After some heavy consideration I’ve decided to connect my blog and The Philosopher’s Corner (my performance season). I made this choice for two major reasons, one almost purely pragmatic and the other more philosophical (I am The $2 Philosopher after all). On the pragmatic side; the cost of advertising an event in this country is prohibitive, especially for a fledgling venture such as mine. It occurred to me that having my own blog was akin to having my own copywriter, who I don’t have to pay. I figured that there is no sin in taking advantage of myself (I feel the same way about masturbation- It can’t be self-rape if I give my consent). The philosophical reason requires a somewhat more long winded explanation...
Almost three months ago I wrote a blog entry titled “Punishment Pt I: Sitting in a ZR”. I wrote the article convinced that it was the first in a series (hence the presumptuous title suffix “Pt I”). I had intended to explore the concept of punishment and what I think is the weird relationship that we (Bajans) have with it. I had intended to use the experience I’d had whilst waiting in a ZR van to explore our ideas about punishment. I wanted to show how the colonisers had, with their dubious gift to us of Christianity (with all its attendant notions of unworthiness before god) left us with an unhealthy love of punishment.
The article was a dismal failure, what many of my readers seemed to come away with was, “...yes $2, ZR men does do bare shite on the people’s roads!” Which, though true, was not the point I was trying to make.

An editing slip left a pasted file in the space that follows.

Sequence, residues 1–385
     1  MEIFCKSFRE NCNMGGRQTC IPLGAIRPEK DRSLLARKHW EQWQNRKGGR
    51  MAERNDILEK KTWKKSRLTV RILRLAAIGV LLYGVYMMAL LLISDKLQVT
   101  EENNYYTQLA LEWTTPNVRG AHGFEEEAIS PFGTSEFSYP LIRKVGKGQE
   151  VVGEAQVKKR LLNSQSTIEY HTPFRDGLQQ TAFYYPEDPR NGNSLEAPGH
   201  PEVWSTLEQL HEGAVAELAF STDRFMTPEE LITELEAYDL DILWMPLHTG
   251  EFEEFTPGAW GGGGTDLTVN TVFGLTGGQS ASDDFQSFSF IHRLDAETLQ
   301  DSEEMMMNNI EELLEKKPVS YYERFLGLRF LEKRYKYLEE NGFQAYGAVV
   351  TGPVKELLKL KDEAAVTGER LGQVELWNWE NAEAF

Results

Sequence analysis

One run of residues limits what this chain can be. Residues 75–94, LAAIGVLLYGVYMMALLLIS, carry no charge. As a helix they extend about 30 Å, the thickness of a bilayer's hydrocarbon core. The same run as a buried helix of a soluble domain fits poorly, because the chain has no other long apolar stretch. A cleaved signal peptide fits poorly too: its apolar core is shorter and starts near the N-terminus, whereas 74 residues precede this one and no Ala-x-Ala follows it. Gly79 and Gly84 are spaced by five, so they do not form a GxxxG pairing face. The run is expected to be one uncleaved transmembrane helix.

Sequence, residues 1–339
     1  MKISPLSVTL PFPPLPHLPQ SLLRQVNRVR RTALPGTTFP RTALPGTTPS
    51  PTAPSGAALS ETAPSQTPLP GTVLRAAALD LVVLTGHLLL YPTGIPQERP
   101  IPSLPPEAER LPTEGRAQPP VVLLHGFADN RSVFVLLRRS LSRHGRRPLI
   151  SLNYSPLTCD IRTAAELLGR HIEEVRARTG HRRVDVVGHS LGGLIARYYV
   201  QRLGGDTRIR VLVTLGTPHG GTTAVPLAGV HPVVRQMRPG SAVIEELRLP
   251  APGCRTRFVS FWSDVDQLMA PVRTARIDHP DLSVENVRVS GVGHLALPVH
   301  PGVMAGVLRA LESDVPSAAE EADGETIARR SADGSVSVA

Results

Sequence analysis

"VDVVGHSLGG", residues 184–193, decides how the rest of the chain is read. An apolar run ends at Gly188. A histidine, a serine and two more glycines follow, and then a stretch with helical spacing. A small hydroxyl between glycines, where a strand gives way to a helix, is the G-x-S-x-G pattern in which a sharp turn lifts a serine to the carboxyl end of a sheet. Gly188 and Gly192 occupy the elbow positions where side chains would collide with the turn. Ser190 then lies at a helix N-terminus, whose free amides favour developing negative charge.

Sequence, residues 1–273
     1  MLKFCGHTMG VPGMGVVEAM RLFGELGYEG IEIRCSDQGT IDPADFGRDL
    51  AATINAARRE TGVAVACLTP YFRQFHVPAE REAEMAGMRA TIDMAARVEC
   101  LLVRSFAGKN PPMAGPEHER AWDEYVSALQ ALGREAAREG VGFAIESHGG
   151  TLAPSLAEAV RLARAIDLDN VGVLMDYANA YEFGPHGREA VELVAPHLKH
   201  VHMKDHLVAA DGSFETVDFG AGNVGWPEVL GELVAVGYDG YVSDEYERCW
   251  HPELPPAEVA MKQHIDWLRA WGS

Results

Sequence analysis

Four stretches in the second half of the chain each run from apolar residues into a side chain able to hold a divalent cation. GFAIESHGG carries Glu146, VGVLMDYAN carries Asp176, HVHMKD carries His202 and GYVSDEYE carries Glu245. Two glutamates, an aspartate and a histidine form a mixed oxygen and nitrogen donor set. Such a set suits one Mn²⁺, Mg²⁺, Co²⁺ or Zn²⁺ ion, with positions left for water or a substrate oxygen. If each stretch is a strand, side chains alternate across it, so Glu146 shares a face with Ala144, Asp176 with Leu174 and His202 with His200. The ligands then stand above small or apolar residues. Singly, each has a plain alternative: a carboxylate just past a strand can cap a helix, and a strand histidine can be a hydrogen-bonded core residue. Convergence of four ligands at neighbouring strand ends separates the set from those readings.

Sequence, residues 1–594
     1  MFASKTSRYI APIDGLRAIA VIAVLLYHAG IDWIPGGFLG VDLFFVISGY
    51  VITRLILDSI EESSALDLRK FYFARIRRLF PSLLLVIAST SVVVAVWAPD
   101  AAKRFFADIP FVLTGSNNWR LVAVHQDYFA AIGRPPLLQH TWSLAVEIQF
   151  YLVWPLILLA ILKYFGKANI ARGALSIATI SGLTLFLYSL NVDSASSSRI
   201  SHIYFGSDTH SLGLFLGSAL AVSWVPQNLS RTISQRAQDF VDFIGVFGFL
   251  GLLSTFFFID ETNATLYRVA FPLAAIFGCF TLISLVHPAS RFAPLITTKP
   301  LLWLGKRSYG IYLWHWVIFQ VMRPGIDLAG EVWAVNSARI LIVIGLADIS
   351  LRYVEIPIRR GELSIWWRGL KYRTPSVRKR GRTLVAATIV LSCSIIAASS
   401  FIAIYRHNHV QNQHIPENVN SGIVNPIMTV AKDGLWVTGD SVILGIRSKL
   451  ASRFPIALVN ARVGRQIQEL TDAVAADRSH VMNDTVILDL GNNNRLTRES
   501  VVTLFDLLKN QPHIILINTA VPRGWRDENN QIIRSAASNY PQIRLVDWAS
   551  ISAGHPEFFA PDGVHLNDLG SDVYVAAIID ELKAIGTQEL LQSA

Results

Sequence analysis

It turns out that punishment is a highly complex and emotionally charged subject.
Having failed to clearly express my ideas on the subject, I decided, in my infinite wisdom and maturity, “Fuck it! I’m never writing about punishment again!”.
I had just about deluded myself that punishment was nothing worth writing about (too vast and too vague) when the European Union’s ambassador to Barbados’ Mr. Mikael Barfod expressed his (inevitably) paternalistic and condescending “disappointment” in Bajan’s attitudes towards corporal punishment in schools. Suddenly, as if mocking me, punishment, albeit in schools, was thrust into the national psyche.
Mr. Barfod’s statements triggered an immediate, national, almost debate (no I didn’t mean “almost national debate”). It was as if the subject of corporal punishment had been broached for the first time, despite the fact that the Attorney General and Minister of Home Affairs Adriel Brathwaite had been talking about taking corporal punishment out of schools for quite some time before Barfod opened his mouth.
As an aside; why is that? Why is it that the issue of corporal punishment only seemed to capture the imagination after Mikael of the E. U. Spoke to it? Is it that we have become so jaded by the consistent inaction and failure of our politicians to implement programmes that nothing they say is real to us until (the rare occasion that) something actually happens? Or is it that Barfod’s statement clued us into the fact that the real impetus to end corporal punishment in schools is likely coming from the E.U. (and therefore may well come to pass)? Do I dare allow myself a moment of (uncharacteristic) optimism and believe that it is because we are raising our voices in dissent because we are tired of these former colonisers entering our spaces, with their thinly veiled notions of cultural superiority, and deigning to tell us what to do?